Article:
How Many Miles Will a Tesla Last?

Buying a new car is generally a massive expense for most people. After the purchase, there is the cost of future maintenance to consider. Are car repair concerns the same with electric vehicles? How many miles will a Tesla last, and when should you expect to replace the battery in a Tesla EV?

How long do Tesla batteries last?

A Tesla Model X EV charging at a Tesla electric charging station of driving range miles
A Tesla Model X charging | Robert Nickelsberg/Getty Images

According to SolarReviews, the current batteries in Tesla cars are designed to last for 300,000 to 500,000 miles. After that point, the battery life will start to degrade and will likely need to be replaced. SolarReviews points out that a Tesla battery might still work beyond 500,000 miles, although with a reduced range per charge. There is also talk that Tesla is working on a battery life that will last for 1 million miles.

The average Tesla battery degrades about 10% after 160,000 miles, which means it’s still at 90% of its peak performance even after that many miles. Recharging does reduce a battery’s ability to hold a charge, especially if a full charge is needed daily. However, most people won’t need to charge to 100%.

Elon Musk has said the Model 3’s body and power source should be able to last for a million miles, according to Electrek. Still, since Teslas haven’t been around for very long, there isn’t much data on how long Tesla vehicles can last.

How many miles can a Tesla battery handle?

Because most Tesla models haven’t needed battery replacements so far, the exact replacement prices are unknown. Elon Musk has said it will cost between $5,000 and $7,000 for a new Model 3 battery module (not the entire battery pack). The Tesla Model 3 has four battery modules in a battery pack, while the Model S and Model X EV models have up to 16.

Tesla car batteries are covered by their warranty for eight years or 120,000 to 150,000 miles, depending on which comes first. Tesla Model 3 and Model Y vehicles are covered up to 120,000 miles (or eight years), while the Model S and Model X are covered up to 150,000 miles (or eight years). However, the battery will likely do fine beyond either eight years or 150,000 miles.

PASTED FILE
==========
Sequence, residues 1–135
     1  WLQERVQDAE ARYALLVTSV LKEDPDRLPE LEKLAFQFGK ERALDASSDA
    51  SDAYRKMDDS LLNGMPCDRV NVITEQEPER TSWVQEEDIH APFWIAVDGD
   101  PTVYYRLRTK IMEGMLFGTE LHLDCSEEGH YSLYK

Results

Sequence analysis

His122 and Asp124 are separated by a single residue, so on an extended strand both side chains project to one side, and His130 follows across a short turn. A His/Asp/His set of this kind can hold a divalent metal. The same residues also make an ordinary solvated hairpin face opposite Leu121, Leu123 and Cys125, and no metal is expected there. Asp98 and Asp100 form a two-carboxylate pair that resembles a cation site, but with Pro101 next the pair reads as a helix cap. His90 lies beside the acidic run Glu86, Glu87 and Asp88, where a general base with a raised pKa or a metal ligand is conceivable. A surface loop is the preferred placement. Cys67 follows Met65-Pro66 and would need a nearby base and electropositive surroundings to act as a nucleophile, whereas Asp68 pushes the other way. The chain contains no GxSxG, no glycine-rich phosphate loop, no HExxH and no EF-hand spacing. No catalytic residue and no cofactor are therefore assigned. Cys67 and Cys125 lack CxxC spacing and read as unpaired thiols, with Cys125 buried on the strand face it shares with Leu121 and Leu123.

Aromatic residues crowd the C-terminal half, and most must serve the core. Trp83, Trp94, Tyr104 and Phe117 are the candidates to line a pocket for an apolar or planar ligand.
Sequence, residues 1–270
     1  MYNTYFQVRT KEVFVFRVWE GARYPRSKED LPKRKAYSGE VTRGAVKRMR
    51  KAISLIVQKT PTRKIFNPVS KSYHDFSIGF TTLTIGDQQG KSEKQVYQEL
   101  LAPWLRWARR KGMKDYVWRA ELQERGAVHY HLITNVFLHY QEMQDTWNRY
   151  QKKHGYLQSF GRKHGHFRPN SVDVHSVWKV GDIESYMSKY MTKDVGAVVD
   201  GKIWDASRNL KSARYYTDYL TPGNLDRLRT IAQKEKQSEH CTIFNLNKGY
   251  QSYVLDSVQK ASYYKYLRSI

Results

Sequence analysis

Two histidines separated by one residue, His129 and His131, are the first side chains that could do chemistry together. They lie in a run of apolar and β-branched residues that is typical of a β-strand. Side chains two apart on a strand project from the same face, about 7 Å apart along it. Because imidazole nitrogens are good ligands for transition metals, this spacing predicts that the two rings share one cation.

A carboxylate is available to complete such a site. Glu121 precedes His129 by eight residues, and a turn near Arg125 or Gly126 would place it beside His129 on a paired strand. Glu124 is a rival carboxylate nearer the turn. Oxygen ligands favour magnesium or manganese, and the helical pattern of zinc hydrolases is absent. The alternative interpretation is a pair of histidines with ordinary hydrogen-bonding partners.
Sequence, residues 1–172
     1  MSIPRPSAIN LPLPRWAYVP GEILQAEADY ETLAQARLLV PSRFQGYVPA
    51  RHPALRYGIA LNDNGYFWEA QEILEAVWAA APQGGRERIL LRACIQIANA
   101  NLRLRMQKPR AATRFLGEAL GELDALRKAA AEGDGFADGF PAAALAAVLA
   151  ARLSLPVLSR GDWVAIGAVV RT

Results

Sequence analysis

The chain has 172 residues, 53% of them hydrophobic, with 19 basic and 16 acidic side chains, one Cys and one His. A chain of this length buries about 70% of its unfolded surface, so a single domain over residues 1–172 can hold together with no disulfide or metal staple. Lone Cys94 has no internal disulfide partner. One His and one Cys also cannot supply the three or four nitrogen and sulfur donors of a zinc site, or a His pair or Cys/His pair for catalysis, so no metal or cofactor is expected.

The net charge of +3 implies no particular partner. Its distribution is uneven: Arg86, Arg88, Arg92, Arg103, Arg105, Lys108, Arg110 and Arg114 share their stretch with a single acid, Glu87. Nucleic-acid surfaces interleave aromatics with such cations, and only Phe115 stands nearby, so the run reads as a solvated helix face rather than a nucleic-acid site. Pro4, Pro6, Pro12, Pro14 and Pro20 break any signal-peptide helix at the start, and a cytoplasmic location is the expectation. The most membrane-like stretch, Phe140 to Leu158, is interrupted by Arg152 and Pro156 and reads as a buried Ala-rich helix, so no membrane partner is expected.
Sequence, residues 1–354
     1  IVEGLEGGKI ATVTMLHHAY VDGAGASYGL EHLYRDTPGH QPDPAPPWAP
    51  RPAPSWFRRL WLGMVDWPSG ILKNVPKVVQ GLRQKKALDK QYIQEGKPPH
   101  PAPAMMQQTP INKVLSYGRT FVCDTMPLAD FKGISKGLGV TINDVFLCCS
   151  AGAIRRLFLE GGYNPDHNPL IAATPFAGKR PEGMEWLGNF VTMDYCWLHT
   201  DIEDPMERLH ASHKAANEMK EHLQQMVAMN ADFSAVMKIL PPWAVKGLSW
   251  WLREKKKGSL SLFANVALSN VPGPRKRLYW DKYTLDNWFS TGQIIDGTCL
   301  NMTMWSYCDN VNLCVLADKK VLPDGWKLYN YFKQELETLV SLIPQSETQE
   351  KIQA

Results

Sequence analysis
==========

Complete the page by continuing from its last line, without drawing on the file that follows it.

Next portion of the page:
In 2019, Electrek followed up with a Tesla Model 3 owner who had put 100,000 miles on his car in two years. His general maintenance in that time would have been just tire replacements if he hadn’t done things like drive through a stream or slam a door in high winds. His max range was reportedly reduced by about 2.5%. He mainly used DC fast-charging, which causes faster battery degradation, but his charge rarely went below 10% or above 60%.

Clean Technica included a report from an owner whose Tesla Model S passed 200,000 miles. The driver spent very little on maintenance, even with his car out of warranty. He reported spending $1,050 in the first 100,000 miles and $5,415 total in the first 200,000 miles. He replaced the regular 12V car batteries twice but not the Tesla batteries. He also calculated that he’d saved $20,000 when comparing gas prices to EV charging fees.

Will Tesla and EV batteries last for 500,000 miles?

It would be a significant game-changer if cars were able to routinely last for 500,000 miles. There are likely Teslas out there that are around that non-gas mileage now. One comparative example is a Tesla Model S operated by Tesloop, a Tesla-only shuttle service in Southern California. The company’s Model S reached 400,000 in three years, according to Electrek. It cost about $19,000 for maintenance in that time. Tesloop estimates it would have spent $88,500 to maintain a Lincoln Town Car or Mercedes GLS-Class over the same time.

Interestingly that Model S needed its battery pack replaced twice during the 400,000 miles. The first battery pack was replaced at 194,000 miles after a 6% degradation. Tesla found that Tesloop had been supercharging to 100% multiple times a day. The second replacement was at 324,000 miles after a 22% degradation due to a problem with the battery pack. Other Tesloop Teslas still have their original battery packs after 300,000 miles.

While the Tesla Model 3 body may be designed to last for a million miles, owners will likely need to replace the battery pack two or three times over the course of that many miles.

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